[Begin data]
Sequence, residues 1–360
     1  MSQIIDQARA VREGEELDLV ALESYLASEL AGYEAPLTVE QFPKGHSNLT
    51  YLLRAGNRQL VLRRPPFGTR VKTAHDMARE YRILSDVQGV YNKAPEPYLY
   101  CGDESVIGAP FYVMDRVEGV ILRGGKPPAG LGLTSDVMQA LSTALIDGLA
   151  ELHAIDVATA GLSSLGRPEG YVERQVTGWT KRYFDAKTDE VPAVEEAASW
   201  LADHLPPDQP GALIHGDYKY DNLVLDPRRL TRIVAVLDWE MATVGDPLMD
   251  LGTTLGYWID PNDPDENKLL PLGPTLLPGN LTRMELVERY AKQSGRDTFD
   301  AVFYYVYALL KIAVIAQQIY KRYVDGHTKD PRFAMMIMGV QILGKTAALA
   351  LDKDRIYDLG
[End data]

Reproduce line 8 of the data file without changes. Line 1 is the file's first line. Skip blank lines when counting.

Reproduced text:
   301  AVFYYVYALL KIAVIAQQIY KRYVDGHTKD PRFAMMIMGV QILGKTAALA